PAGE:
There were two major schools of skepticism in the ancient Greek and Roman world. The first was Pyrrhonism, founded by Pyrrho of Elis (c. 360–270 BCE). The second was Academic Skepticism, so-called because its two leading defenders, Arcesilaus (c. 315–240 BCE) who initiated the philosophy, and Carneades (c. 217–128 BCE), the philosophy’s most famous proponent, were heads of Plato’s Academy. Pyrrhonism’s aims are psychological. It urges suspension of judgment (epoche) to achieve mental tranquility (ataraxia). The Academic Skeptics denied that knowledge is possible (acatalepsy). The Academic Skeptics claimed that some beliefs are more reasonable or probable than others, whereas Pyrrhonian skeptics argue that equally compelling arguments can be given for or against any disputed view. Nearly all the writings of the ancient skeptics are now lost. Most of what we know about ancient skepticism is from Sextus Empiricus, a Pyrrhonian skeptic who lived in the second or third century CE. His works contain a lucid summary of stock skeptical arguments.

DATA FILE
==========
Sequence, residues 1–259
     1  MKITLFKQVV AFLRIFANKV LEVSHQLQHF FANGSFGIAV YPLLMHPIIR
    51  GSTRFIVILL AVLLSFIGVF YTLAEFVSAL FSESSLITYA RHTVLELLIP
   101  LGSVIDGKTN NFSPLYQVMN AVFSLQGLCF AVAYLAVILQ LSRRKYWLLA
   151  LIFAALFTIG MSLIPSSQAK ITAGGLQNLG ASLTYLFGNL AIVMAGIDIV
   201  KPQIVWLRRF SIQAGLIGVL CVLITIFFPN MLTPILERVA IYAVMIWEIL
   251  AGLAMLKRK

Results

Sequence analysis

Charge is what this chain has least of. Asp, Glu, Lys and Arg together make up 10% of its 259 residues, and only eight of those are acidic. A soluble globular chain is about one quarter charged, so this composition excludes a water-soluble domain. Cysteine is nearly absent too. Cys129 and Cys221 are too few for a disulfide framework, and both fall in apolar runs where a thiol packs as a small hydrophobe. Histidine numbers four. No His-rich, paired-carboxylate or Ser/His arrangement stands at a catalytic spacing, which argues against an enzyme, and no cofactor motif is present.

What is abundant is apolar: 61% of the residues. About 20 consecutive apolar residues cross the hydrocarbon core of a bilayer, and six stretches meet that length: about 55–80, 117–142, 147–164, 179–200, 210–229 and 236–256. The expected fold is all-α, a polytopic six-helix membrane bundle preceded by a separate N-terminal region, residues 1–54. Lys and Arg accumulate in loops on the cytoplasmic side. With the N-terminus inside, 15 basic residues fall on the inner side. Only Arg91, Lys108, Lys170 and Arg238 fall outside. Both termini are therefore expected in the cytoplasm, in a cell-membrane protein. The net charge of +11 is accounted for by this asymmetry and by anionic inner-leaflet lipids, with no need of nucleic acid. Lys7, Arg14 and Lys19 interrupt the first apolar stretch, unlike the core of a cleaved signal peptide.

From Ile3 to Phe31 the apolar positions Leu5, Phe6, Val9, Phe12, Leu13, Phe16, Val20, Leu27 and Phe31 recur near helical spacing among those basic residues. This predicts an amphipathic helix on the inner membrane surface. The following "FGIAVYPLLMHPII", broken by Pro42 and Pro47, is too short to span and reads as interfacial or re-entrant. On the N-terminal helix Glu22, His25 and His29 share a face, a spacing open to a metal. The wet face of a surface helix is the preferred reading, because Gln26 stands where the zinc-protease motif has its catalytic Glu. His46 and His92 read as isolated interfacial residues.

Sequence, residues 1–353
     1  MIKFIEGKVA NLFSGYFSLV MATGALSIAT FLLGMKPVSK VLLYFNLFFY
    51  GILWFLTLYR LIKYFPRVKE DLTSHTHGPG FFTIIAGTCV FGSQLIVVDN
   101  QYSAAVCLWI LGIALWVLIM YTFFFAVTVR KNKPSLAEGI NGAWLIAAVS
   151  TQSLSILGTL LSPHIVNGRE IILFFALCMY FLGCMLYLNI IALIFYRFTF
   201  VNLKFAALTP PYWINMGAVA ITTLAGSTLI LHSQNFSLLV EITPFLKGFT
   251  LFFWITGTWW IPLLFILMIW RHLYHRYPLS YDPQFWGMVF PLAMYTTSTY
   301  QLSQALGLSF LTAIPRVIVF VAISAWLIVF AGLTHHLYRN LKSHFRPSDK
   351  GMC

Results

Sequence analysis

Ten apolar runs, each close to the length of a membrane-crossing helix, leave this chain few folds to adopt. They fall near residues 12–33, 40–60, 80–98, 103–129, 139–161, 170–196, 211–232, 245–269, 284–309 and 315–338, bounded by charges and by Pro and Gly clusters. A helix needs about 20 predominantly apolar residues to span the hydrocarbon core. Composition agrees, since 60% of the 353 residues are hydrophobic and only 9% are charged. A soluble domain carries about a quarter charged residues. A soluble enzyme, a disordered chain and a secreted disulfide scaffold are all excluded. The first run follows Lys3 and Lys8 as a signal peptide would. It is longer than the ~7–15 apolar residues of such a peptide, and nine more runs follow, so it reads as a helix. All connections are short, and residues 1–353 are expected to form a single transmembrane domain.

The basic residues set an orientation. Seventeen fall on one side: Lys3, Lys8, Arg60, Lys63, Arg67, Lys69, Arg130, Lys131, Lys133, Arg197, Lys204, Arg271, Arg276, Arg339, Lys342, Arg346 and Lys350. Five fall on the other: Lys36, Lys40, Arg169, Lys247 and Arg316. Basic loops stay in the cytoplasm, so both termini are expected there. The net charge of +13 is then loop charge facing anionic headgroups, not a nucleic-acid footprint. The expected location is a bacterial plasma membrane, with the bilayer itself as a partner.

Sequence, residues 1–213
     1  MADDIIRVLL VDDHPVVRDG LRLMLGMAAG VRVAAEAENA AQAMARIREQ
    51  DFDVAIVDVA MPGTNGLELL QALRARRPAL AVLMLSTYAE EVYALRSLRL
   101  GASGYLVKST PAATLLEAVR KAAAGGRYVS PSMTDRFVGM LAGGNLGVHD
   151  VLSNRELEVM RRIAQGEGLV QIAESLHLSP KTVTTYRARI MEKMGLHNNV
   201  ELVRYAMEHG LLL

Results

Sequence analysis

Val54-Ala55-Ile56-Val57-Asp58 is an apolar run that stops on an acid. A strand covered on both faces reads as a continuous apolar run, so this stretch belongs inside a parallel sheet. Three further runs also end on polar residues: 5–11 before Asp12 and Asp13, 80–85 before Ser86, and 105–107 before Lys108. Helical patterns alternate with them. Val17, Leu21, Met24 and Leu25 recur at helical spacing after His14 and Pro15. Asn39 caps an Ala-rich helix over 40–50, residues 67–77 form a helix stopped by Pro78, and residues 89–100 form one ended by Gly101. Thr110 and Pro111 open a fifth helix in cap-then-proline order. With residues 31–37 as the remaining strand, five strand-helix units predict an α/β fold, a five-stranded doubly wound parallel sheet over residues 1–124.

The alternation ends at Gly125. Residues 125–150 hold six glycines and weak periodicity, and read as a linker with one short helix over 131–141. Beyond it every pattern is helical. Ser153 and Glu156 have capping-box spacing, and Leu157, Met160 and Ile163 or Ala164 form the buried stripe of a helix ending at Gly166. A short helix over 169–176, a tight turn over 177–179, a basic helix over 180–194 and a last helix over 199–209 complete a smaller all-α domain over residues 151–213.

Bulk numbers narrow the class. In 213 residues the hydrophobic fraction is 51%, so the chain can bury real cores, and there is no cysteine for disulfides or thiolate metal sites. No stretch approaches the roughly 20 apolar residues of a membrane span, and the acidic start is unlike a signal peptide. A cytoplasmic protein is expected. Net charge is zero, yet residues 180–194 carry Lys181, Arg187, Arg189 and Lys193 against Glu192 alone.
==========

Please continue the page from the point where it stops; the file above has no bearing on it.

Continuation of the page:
Ancient skepticism faded out during the late Roman Empire, particularly after Augustine (354–430 CE) attacked the skeptics in his work Against the Academics (386 CE). There was little knowledge of, or interest in, ancient skepticism in Christian Europe during the Middle Ages. Interest revived during the Renaissance and Reformation, particularly after the complete writings of Sextus Empiricus were translated into Latin in 1569. A number of Catholic writers, including Francisco Sanches (c. 1550–1623), Michel de Montaigne (1533–1592), Pierre Gassendi (1592–1655), and Marin Mersenne (1588–1648) deployed ancient skeptical arguments to defend moderate forms of skepticism and to argue that faith, rather than reason, must be the primary guide to truth. Similar arguments were offered later (perhaps ironically) by the Protestant thinker Pierre Bayle in his influential Historical and Critical Dictionary (1697–1702).